Teaching Our Kids To Give Thanks


Parents' pleas for more grateful children are nothing new. And while sometimes frustrated parents come at gratitude from an 'I'll give you something to cry about' approach, teaching kids to 'give thanks' and notice what they have is a good idea. Not only because children who don't notice tend to be more self-centered, materialistic and prone to entitlement but because research has found that gratitude helps people have fewer depression symptoms while feeling more life satisfaction, optimism, resiliency and connection to others.

Wanting our children to truly feel grateful and helping them appreciate their circumstances gives them a life-long opportunity for happiness. Considering that Thanksgiving is a natural day to kick start your children's gratitude practice, here are some ways do that:

  1. Prior Discussions: Prior to dinner, have a discussion with your children. Ask them why we give thanks and what they think is important about this day and share your thoughts on the importance of gratitude.
  2. Saying 'Thank You': Check in with your own gratitude. Make a point of saying 'thank you' more and more genuinely to the people in your life today - including your children!
  3. Mealtime Traditions: Having a family prayer or going around the table sharing thankful sentiments helps everyone remember the reason for the gathering. This can be done informally or with more flair. For those who don't like to speak up in a crowd, prior to the meal you can have a Gratitude Journal or Jar that people can add too, or designate someone to bring around slips of paper and a pen and have people submit a gratitude. At the dinner table, designate someone to read them at the meal. (Note: Make the gratitude more powerful by being specific and adding 'because...' as in 'I'm grateful for the fact that dad has a job because we can afford this nice meal.')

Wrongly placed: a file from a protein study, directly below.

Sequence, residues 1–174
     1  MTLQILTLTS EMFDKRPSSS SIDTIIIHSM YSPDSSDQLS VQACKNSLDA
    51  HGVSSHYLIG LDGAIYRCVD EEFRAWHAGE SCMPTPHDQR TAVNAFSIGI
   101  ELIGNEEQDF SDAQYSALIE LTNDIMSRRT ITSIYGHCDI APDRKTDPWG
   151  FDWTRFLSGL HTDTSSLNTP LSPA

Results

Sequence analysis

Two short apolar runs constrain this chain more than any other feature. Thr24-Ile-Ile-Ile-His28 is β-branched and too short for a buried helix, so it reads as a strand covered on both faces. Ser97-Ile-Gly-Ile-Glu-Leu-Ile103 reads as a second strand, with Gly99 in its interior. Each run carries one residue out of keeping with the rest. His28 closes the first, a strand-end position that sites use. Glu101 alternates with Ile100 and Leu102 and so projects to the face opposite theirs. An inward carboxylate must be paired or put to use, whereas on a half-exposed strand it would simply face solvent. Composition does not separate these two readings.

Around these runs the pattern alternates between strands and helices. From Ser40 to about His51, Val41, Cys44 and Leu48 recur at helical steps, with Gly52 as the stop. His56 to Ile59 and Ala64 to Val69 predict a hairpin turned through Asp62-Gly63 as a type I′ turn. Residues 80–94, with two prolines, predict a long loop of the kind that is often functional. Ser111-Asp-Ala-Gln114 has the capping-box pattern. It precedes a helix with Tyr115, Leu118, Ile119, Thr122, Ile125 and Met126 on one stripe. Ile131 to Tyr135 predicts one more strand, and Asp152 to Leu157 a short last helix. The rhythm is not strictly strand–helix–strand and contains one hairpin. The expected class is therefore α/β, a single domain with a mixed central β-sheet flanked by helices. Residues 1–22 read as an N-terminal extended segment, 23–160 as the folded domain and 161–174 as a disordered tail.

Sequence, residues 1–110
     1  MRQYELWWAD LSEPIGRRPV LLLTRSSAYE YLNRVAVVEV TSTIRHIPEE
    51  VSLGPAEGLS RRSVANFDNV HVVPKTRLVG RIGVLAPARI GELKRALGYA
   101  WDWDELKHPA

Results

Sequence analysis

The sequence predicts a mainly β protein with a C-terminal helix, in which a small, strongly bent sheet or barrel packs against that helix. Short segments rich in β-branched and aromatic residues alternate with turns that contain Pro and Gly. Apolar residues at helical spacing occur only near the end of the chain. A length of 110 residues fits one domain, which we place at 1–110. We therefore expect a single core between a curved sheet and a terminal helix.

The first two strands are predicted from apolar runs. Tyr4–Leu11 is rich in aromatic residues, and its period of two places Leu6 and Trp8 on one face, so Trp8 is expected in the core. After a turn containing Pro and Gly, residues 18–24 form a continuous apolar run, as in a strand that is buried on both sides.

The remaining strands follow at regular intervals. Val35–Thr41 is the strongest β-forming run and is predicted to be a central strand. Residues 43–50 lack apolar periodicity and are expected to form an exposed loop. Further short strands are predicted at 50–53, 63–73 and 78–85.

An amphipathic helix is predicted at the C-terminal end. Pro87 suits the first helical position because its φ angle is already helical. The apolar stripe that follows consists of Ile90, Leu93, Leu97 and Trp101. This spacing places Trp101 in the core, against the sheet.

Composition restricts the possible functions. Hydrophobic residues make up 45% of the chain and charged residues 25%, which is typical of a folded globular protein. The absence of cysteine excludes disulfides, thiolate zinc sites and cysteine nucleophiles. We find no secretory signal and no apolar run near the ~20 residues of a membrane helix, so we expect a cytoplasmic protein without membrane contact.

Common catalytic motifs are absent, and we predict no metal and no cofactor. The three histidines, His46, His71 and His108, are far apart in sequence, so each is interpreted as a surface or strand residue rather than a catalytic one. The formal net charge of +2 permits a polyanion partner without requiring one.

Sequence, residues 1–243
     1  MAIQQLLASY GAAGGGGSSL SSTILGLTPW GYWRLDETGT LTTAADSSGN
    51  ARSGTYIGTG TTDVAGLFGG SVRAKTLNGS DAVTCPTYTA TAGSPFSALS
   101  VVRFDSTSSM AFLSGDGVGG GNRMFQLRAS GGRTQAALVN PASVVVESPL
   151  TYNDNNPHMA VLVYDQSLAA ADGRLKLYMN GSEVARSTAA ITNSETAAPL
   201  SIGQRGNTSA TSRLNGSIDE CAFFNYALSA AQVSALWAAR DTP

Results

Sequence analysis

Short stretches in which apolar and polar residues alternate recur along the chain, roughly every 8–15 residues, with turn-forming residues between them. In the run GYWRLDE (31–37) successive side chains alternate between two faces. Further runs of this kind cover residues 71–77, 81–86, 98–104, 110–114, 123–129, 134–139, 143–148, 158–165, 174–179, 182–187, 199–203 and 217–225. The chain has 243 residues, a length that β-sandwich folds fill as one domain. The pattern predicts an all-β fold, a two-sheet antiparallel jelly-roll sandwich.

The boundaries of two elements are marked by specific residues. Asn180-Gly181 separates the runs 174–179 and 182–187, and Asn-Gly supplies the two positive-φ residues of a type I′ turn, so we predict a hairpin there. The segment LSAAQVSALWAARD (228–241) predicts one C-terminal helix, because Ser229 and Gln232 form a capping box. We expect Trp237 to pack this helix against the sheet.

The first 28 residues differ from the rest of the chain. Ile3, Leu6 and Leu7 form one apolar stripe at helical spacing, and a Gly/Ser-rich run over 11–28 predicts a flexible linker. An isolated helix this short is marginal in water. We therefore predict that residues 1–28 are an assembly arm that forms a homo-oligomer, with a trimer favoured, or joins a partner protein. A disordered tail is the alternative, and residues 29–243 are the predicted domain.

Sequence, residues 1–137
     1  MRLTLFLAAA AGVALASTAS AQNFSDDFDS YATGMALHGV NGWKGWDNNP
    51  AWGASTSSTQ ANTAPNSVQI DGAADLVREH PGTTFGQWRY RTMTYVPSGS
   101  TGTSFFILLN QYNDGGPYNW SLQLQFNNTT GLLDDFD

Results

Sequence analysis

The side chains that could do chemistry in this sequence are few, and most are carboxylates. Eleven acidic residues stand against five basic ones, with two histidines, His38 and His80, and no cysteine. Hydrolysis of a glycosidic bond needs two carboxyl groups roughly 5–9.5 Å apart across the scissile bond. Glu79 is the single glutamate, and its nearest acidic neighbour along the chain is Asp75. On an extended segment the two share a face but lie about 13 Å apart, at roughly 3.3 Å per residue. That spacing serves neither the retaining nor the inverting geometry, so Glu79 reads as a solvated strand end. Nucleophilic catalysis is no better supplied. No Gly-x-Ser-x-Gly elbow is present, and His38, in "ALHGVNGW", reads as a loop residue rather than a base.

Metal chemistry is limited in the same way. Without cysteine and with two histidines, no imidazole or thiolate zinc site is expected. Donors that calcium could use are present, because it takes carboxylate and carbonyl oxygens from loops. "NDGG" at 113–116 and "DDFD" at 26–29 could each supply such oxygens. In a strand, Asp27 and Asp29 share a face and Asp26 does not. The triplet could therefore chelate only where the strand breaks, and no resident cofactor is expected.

4. Faraway Family: If some family are missing from the day, have them send a gratitude beforehand or use the phone or computer (try skype) to have them be 'present' at your gratitude moment.
  5. Lost Loved Ones: If your family has lost someone important, depending on where people are in the grieving process, having those gathered share why they are grateful for that person or what they think that person's would be are ways of bringing your loved one's spirit into the day.
  6. Doing Gratitude: If you want to go to the next level - doing gratitude can be incorporated into the day or as a plan for the near future. Inviting someone who doesn't have plans, helping a neighbor with tasks or yardwork, volunteering to serve food at a community Thanksgiving celebration, donating toys to Toys-For-Tots or food at Busch's Rocking For The Hungry, planning a fast for another day and donating the saved money to a good cause or connecting your gratitude to action - such as cleaning up a park you are grateful for, or writing a card to someone who would appreciate some mail can bring gratitude full circle.

Like cooking the turkey (or ordering one!) making Gratitude an important part of Thanksgiving takes thoughtfulness and preparation. And hopefully, putting in the effort is something you'll be grateful for, for years to come.

Have a Thanks Giving tradition you're grateful for? Please consider sharing it below.


Annie Zirkel, LPC is an Ann Arbor mom, parenting consultant and author of You'll Thank Me Later - Guide to Nurturing Gratitude In Our Children (And Why That Matters). Submit your parenting or relationship question to annie@practicehow.com Creative Commons License photo credit: Alan Vernon.